Regardless, regular heavy drinking, or binge-drinking even once a week, can lead to heart problems including high blood pressure, irregular heartbeat, and other diseases that impact the heart.
Similarly, every time you drink alcohol, your liver must work overtime. The priority becomes metabolizing the alcohol and clearing it from your system – so the other functions of the liver are put on hold.
When dealing with adrenal fatigue, your liver is already working hard to get rid of excess hormones like adrenaline. So even a small amount of alcohol can disrupt liver function even further. Although this disruption may not be at a clinical level, symptoms can develop, including pain, anxiety, and brain fog. When your adrenals are weak, your liver is at even greater risk of adverse effects from the consumption of alcohol.
Alternative Stress Relief Supports Adrenal Healing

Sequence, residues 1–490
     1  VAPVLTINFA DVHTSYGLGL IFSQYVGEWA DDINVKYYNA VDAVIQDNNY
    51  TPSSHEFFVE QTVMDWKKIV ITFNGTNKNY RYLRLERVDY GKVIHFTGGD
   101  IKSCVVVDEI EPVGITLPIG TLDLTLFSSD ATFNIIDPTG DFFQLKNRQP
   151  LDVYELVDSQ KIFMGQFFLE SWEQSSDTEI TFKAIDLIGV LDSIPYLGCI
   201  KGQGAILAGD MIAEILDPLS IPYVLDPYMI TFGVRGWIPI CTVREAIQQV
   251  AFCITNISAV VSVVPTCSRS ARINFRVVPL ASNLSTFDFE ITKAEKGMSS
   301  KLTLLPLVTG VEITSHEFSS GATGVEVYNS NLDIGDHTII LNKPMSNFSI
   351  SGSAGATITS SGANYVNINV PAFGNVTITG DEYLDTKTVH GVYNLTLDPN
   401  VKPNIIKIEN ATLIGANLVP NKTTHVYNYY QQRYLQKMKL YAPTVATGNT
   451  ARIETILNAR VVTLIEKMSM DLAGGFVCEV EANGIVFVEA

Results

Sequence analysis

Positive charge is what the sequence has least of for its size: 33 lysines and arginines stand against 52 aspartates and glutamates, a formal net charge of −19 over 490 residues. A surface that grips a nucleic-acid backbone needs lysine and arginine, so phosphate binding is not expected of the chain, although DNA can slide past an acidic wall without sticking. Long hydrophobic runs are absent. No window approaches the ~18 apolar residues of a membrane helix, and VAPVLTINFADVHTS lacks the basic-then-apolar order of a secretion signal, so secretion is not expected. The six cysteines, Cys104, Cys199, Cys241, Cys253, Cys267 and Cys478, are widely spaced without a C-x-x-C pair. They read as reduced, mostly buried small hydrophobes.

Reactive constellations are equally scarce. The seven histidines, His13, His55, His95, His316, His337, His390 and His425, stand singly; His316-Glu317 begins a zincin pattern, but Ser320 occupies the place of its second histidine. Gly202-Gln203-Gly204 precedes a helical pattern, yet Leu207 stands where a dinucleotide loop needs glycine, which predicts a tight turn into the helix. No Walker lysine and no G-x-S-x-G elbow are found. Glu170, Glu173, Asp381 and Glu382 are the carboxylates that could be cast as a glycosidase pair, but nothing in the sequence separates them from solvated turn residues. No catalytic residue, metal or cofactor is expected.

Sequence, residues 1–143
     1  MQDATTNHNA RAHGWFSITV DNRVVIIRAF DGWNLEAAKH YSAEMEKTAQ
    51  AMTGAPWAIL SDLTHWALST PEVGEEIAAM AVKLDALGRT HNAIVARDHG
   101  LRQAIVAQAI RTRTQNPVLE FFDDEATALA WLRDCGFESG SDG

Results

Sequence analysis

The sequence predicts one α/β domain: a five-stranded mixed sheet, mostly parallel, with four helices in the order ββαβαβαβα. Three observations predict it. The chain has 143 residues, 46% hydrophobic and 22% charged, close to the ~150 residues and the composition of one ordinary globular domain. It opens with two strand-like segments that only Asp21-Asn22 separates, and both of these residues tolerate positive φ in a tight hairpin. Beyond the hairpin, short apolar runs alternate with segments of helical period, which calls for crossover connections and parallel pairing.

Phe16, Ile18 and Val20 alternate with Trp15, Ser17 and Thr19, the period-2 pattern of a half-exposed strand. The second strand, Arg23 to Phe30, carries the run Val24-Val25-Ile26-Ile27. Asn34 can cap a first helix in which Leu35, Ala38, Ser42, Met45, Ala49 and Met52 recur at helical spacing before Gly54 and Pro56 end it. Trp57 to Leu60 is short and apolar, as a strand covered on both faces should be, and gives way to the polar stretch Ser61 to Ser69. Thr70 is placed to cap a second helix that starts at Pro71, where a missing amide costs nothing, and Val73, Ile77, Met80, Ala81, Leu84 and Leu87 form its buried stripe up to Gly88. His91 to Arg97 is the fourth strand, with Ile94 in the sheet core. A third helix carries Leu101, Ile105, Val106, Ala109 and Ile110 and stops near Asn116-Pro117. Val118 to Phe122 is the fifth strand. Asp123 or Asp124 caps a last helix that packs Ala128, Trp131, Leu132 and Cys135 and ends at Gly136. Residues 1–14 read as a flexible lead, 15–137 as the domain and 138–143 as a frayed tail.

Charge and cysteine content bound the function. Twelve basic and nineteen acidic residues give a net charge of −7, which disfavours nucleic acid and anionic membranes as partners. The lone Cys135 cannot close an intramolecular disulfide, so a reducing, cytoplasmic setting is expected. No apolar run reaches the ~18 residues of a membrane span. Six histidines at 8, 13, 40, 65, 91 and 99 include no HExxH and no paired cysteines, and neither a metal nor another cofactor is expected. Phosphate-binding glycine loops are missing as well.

Is it becoming more clear that alcohol is best avoided when your adrenals are already out of balance? If you’ve been using alcohol as a relaxation technique, finding other ways to release tension and ease stress will move your healing in the right direction. Here are a few quick suggestions:
- Try some gentle exercise. While vigorous exercise isn’t advised when your adrenals are out of balance, movement is! Yoga, T’ai Chi, or a relaxed walk in the evening are all great options.
- Try meditation. Meditation can take many forms – you can repeat a mantra or affirmation as you practice deep breathing or follow a guided meditation. There are a number of apps that offer guided meditation and music for relaxation.